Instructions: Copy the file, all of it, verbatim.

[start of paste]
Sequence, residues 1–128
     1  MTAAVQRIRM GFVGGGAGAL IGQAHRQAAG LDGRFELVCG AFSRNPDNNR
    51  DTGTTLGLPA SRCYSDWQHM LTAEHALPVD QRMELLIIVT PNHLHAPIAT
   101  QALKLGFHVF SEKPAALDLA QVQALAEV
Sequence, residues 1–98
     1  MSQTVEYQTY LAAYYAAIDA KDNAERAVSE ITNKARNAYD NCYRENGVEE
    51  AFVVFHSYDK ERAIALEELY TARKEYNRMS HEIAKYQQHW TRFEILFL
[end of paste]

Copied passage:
Sequence, residues 1–128
     1  MTAAVQRIRM GFVGGGAGAL IGQAHRQAAG LDGRFELVCG AFSRNPDNNR
    51  DTGTTLGLPA SRCYSDWQHM LTAEHALPVD QRMELLIIVT PNHLHAPIAT
   101  QALKLGFHVF SEKPAALDLA QVQALAEV
Sequence, residues 1–98
     1  MSQTVEYQTY LAAYYAAIDA KDNAERAVSE ITNKARNAYD NCYRENGVEE
    51  AFVVFHSYDK ERAIALEELY TARKEYNRMS HEIAKYQQHW TRFEILFL